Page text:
Seven years ago, as the newly appointed chief executive officer of Royal Ahold, Dick Boer was focused on implementation of Reshaping Retail, a strategy designed to enable the company to better meet consumers’ changing needs with supermarkets and small-format and specialty stores, as well as an emerging array of omnichannel capabilities. Reshaping Retail proved an apt designation for Ahold’s evolution; it works just as well as a summation of Boer’s impact on a business that he has been associated with all his life.
The son of an independent grocer in the Netherlands, Boer stepped down at the end of last month as the head of one of the world’s premier retailers, a company that operates some 6,600 stores under 20 banners in Europe, the United States and Indonesia that serve more than 50 million customers every week. The consolidation of that global retailing empire through the merger of Ahold and Delhaize Group, in July 2016, is the cornerstone of Boer’s legacy after four decades in retailing.
“It’s been an interesting journey since the merger,” said Boer, who joined Ahold in 1998 as chief executive of its business in the Czech Republic and made his mark as president and CEO of Ahold, comprised of Albert Heijn supermarkets, Etos health and beauty stores, and Gall & Gall liquor stores. “Looking back, you can see that Ahold and Delhaize came together very nicely, putting us in position to maximize the strength of our local brands by providing centralized support.
“The culture and the people are such a logical combination. We had a leadership meeting in the U.S. in May that brought together 130 of our top managers. If you didn’t already know, it would have been really difficult to say who came out of Delhaize and who was from Ahold. It’s such good group of exciting and enthusiastic people whose first concern is what’s best for the customer.”
During the integration process — which was spearheaded by Frans Muller, who prior to the merger was president and CEO of Delhaize and took the reins at the combined company from Boer on July 1 — Ahold Delhaize continued to perform well financially. In fiscal 2017, companywide sales increased 1.7% to 62.7 billion euros and net earnings soared to 744 million euros, while profit margin rose from 3.7% to 3.9%, and the dividend was increased 10%. The U.S. is Ahold Delhaize’s biggest market segment, with the U.S. brands generating two-thirds of its revenue.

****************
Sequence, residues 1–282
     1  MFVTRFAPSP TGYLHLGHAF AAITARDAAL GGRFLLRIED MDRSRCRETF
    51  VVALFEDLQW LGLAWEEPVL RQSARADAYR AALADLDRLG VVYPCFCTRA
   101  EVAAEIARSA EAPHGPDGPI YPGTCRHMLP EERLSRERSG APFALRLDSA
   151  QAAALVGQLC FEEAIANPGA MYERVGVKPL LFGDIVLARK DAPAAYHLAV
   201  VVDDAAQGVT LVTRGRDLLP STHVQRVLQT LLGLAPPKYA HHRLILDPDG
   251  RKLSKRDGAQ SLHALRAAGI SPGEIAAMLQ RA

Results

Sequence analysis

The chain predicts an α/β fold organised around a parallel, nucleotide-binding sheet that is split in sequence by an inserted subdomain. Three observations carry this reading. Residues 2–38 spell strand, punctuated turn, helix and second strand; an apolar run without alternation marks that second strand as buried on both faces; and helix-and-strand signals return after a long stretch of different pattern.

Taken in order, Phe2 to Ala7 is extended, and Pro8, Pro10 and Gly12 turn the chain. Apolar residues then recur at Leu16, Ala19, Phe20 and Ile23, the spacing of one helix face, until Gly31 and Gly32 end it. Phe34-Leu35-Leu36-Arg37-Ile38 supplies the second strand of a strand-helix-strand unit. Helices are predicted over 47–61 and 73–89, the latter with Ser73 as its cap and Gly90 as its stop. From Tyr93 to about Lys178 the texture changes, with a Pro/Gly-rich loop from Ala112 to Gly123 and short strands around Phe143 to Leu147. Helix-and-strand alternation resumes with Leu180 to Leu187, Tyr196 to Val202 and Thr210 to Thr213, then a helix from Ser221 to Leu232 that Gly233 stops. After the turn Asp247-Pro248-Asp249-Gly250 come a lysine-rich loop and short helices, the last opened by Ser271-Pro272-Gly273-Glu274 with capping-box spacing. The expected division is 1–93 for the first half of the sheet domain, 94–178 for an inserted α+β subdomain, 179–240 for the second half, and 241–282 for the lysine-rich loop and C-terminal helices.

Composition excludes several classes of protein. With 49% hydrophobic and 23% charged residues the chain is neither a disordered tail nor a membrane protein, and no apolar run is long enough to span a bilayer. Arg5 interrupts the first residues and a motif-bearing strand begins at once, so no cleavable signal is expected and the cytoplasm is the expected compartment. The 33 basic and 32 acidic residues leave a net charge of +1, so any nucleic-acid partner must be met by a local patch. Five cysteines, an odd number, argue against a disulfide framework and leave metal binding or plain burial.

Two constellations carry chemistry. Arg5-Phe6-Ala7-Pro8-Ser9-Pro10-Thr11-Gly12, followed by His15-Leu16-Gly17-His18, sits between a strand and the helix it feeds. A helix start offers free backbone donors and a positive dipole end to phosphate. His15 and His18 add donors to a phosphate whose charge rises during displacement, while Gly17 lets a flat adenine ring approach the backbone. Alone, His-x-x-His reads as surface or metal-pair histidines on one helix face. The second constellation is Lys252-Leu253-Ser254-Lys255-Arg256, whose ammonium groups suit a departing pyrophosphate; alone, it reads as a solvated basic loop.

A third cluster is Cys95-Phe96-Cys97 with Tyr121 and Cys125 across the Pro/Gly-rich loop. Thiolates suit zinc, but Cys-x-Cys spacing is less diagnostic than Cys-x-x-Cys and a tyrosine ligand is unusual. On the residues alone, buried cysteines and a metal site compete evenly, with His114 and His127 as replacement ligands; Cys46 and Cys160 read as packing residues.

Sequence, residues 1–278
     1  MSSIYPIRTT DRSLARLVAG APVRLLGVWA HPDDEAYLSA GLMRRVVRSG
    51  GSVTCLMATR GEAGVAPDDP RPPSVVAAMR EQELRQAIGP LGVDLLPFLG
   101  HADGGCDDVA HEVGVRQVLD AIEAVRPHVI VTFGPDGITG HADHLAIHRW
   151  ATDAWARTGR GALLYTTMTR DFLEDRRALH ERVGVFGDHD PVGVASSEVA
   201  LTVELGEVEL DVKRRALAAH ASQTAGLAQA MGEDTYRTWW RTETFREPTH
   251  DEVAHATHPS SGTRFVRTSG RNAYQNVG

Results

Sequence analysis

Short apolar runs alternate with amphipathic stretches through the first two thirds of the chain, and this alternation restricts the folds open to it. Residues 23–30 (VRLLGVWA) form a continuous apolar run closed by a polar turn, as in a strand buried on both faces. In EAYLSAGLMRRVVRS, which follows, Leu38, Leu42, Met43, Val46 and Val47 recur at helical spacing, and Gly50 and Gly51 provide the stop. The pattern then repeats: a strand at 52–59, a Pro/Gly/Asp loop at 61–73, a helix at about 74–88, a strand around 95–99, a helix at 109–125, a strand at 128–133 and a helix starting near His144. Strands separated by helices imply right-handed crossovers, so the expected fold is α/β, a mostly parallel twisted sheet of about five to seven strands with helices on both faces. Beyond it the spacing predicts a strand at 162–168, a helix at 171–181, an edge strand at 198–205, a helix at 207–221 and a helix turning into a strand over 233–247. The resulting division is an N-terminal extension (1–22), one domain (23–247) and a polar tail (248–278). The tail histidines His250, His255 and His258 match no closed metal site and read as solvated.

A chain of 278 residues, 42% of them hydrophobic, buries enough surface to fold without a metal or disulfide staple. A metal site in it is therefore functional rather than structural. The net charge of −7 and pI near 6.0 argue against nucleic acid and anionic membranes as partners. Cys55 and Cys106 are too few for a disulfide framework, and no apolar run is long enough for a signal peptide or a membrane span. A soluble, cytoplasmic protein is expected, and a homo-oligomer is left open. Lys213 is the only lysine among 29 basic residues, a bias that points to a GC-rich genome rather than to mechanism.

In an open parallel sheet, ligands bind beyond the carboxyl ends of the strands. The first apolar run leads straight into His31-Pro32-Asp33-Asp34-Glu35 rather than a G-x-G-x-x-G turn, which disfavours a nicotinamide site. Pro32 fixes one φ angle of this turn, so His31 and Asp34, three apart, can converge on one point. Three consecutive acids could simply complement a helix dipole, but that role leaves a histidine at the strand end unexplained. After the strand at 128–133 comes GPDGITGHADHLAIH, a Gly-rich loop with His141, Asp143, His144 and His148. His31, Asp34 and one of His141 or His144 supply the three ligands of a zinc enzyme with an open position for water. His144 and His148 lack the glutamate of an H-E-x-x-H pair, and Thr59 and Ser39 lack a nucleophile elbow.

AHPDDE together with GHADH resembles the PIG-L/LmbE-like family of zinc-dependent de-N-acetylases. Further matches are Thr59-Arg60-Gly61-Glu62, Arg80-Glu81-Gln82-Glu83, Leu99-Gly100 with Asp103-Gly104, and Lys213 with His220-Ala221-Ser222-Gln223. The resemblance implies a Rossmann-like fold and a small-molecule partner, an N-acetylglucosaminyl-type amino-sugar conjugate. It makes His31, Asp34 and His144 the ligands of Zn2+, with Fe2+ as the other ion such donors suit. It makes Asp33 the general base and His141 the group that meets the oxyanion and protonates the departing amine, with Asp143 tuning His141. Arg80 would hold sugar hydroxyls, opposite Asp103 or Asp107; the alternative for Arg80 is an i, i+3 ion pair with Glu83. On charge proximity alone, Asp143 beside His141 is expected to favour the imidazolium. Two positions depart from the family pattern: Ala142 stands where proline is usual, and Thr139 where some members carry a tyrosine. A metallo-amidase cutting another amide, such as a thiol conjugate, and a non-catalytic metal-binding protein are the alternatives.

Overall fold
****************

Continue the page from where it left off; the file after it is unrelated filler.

“Two thousand seventeen was the first full year as Ahold Delhaize, one in which we substantially completed the integration.” Boer said at the time the results were released in February. “We delivered synergies ahead of schedule and continued to show underlying operating margin expansion with stable or increasing market share in our major markets. In a dynamic environment, our great local brands delivered strong results, tapping into changing consumer behavior.”
In addition, Ahold Delhaize continued to play a leadership role in areas that were at the forefront throughout Boer’s tenure — technology, personalization, owned brands and sustainability.
“Technology is accelerating the pace of change in our industry to an unprecedented degree,” Boer noted. “First, it is improving logistics and management systems, so the ordering process and the predictability of what’s on store shelves is more accurate, which makes things better for the consumer. Second, tools like self-checkout, shop-and-go technology and apps enhance the customer experience. Last but not least, whoever or wherever you are, you’re always able to shop for food and pick it up at the store or have it delivered to you.”
Impressive as those advances are, Boer indicated they are just the beginning. Ahold Delhaize is already hard at work harnessing the wealth of data generated by digital technology to do a better job of addressing the specific needs of individual shoppers.
“As retailers we have a lot to offer. We intend to utilize the information we have for the benefit of our customers, to support them in their shopping,” he explained. “We have better insights than anyone else into our customers’ needs and behaviors. If our customers agree to let us use the data — which they own — we can really help them, which makes us unique as retailers.
“We understand that the customer is in charge; everything we do is customer directed. If we can assist her in a way that helps her to shop more easily, to predict better the order that she needs, to help with dietary needs, live a healthier lifestyle or save money, that’s a good thing for her and for us.”
A customer-centric approach comes naturally to Boer. Having learned that ethos from his father, he, in turn, instilled it in colleagues throughout his four-decade career, which in addition to Ahold Delhaize included management posts at Unigro NV and SHV Holdings. Boer reiterated the importance of maintaining an unwavering commitment to the consumer and the essential role that this commitment plays in retailing during Ahold Delhaize’s annual general meeting of shareholders in Amsterdam last April.
“You need to enjoy helping customers with everyday things,” he said. “Your job is to help people do their shopping as smoothly as possible. And to perhaps get them to buy just a little bit more than they planned. Never a lot more — the point is that the customer must also be pleased with that little bit extra. In this respect, being a grocer is a job full of small wins. But for me as a grocer, helping customers is still the essence of the profession. Yes, I am going to miss it.”
In light of Boer’s skill as a leader, willingness to embrace retail innovation and ability to get things done, it’s safe to say that his colleagues, company and industry will miss him as well.